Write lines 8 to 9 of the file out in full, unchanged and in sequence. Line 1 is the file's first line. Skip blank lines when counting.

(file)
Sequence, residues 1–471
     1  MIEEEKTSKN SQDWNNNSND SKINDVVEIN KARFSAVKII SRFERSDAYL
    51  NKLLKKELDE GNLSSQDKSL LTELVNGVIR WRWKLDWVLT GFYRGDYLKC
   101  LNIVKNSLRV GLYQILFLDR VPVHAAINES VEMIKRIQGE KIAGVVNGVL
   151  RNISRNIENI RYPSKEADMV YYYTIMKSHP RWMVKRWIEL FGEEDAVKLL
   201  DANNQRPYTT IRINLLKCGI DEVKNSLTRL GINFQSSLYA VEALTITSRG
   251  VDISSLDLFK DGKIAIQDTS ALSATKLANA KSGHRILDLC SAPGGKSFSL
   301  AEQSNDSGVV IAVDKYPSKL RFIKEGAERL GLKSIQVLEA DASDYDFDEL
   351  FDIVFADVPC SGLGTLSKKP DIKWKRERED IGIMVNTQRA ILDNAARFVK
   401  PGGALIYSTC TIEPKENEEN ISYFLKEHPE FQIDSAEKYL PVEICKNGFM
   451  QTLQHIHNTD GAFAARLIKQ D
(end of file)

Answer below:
   301  AEQSNDSGVV IAVDKYPSKL RFIKEGAERL GLKSIQVLEA DASDYDFDEL
   351  FDIVFADVPC SGLGTLSKKP DIKWKRERED IGIMVNTQRA ILDNAARFVK